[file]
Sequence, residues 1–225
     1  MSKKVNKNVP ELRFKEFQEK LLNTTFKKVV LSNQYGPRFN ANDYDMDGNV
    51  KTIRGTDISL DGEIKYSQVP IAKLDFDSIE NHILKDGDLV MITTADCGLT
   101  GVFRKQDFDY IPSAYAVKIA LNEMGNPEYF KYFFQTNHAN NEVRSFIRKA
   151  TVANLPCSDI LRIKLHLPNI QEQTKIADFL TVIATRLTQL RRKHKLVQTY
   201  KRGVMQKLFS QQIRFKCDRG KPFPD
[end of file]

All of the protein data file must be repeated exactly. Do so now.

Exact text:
Sequence, residues 1–225
     1  MSKKVNKNVP ELRFKEFQEK LLNTTFKKVV LSNQYGPRFN ANDYDMDGNV
    51  KTIRGTDISL DGEIKYSQVP IAKLDFDSIE NHILKDGDLV MITTADCGLT
   101  GVFRKQDFDY IPSAYAVKIA LNEMGNPEYF KYFFQTNHAN NEVRSFIRKA
   151  TVANLPCSDI LRIKLHLPNI QEQTKIADFL TVIATRLTQL RRKHKLVQTY
   201  KRGVMQKLFS QQIRFKCDRG KPFPD